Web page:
Soundtrack ‘63 is a live, multimedia musical performance and retrospective of the African-American experience in America. It is an artistic survey of the past that gives context to the present and asks important questions about our future. Commissioned by 651 ARTS and produced by Soul Science Lab, the show features a soundtrack of spirituals, protest songs, hip hop, and popular 20th-century music performed by an 18-piece orchestra and a soul-stirring vocal ensemble. An immersive video installation weaves a compelling story of tragedy, triumph, and transcendence. Soundtrack '63 is an intergenerational experience that will inspire us all.
1963 was decades in the making. The events specific to 1963 and the American Civil Rights Movement have roots across the entire history of the black experience in America. Since the abolition of slavery in 1865 and the beginning of the Reconstruction Era in 1877, various institutions in American society sanctioned institutionalized discrimination that impeded the will and progress of freed African-Americans. It was supported by state and federal legislation and enforced ad nauseam by society at large. Even as African-Americans struggled against injustice, this reality remained the status quo.
Black Americans have continuously organized to change their status in American society, but the events of the mid to late 1950s, through the early 1960s, saw a surge in the African-American movement for civil and human rights. 1954 brought the landmark Brown vs. Board of Education decision. 1955 saw outrage after the horrific murder of Emmett Till, and hope, following the success of the Montgomery Bus Boycott. 1957 raised the stakes with the school integration of the Little Rock 9 and the Freedom Riders pushed the envelope to its very volatile limits in 1961. All of this set the stage for the saga of 1963.
In 365 days, the United States experienced many pivotal events including massive anti-discrimination demonstrations and social justice campaigns throughout the South, the assassination of civil rights worker Medgar Evers, the iconic “March on Washington for Jobs”, the murder of 4 little girls in the bombing of the 16th Street Baptist Church, the assassination of President John F. Kennedy and preparation for war in Vietnam. Many of the nation’s people were pushing for substantial change. Music was a vital part of the protest.
Black music has always reflected the reality in which black people lived. This period of intense turmoil inspired timeless songs of struggle and endurance. The music of 1963 was the soundtrack of a transformation. It inspired generations of African descendants to reclaim their humanity. The spirituals of the past brought faith and courage; pop tunes were an escape from harsh realities; truth-tellers sang with soulful defiance that electrified the Civil Rights Movement. The music of this time still resonates with piercing clarity. Many who were a part of these movements for change often claim the music that defined this time gave them the motivation and courage to remain steadfast in their daunting efforts.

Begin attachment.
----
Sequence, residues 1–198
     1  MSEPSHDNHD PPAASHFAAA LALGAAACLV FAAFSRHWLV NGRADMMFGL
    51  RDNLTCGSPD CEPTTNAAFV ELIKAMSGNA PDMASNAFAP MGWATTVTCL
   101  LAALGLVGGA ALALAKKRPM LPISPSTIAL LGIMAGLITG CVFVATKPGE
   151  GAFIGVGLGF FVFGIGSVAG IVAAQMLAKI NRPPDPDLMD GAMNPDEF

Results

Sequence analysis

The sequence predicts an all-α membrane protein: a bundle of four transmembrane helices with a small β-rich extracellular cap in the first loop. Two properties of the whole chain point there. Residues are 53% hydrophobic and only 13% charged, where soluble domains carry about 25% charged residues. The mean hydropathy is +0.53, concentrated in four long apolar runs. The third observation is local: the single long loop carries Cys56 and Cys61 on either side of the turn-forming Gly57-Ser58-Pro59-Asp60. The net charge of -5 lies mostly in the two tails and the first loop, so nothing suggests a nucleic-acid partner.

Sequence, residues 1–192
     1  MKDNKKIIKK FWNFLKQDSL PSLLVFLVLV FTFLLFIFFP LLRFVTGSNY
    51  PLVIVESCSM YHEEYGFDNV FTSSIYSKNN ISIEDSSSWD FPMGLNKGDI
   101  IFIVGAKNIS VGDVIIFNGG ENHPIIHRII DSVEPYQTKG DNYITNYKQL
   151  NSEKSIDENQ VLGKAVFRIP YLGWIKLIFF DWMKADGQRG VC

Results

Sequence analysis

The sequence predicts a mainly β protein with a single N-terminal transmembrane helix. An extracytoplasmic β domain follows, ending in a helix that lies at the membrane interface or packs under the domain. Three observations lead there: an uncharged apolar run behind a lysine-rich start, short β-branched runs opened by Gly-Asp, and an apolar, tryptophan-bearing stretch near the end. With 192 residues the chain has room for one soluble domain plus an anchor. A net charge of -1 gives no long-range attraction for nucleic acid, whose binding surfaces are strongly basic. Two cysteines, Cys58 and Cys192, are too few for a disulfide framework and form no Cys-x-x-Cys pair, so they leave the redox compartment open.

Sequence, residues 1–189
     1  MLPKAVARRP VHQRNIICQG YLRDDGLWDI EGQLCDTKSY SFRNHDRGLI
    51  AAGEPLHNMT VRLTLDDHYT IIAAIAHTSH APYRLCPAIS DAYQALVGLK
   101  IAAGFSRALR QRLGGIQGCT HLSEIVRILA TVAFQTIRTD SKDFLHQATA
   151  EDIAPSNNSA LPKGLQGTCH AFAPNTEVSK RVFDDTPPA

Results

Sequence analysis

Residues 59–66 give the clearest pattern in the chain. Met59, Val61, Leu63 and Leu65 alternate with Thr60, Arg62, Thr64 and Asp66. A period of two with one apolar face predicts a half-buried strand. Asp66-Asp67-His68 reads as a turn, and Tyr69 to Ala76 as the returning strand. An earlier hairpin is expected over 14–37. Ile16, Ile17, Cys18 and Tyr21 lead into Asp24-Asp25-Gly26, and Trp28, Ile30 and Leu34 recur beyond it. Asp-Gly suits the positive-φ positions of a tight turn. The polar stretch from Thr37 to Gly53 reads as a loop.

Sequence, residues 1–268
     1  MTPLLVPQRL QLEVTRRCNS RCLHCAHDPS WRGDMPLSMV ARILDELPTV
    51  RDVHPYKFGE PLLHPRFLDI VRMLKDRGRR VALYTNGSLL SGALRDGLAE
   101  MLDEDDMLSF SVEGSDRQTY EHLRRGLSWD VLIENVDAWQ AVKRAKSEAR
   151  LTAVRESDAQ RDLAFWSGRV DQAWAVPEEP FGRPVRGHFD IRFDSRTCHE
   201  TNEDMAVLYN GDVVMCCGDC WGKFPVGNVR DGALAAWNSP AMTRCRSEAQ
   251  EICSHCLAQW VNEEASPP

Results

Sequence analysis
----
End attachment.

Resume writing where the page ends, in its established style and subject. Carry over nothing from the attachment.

ST63 was designed to give youth a clear historical context for the national and global climate regarding race and human relations in contemporary society. Young people are often disconnected from history that directly affects them. They must be prepared to approach these issues with a creative lens and unorthodox solutions. As an educator, I’ve learned this is only possible when youth are effectively engaged to see themselves reflected in the historical continuum and motivated to activate their spheres of influence. This is the impetus of ST63.
This production presents significant historical events, using creative and innovative methods, to diverse and intergenerational audiences. It is designed to juxtapose poignant history to parallel contemporary stories. The project posits, “If we have come so far, how far have we come?” As they struggle to reconcile American history persists, it is important for the next generation of leaders and creators to understand the complexities of the social dynamics they have inherited. This is especially true racism, discrimination, and bias that rests at the core of American culture and the related struggles that continue to plague people of color in the United States.
While ST63 surveys flashpoints of the Civil Rights Movement, it brings understanding to events that precede it. It contemplates the realities of the aftermath of that era. It embodies the spirit of the Ashante’ principle Sankofa - ‘Seek the past to understand the present and build for the future.’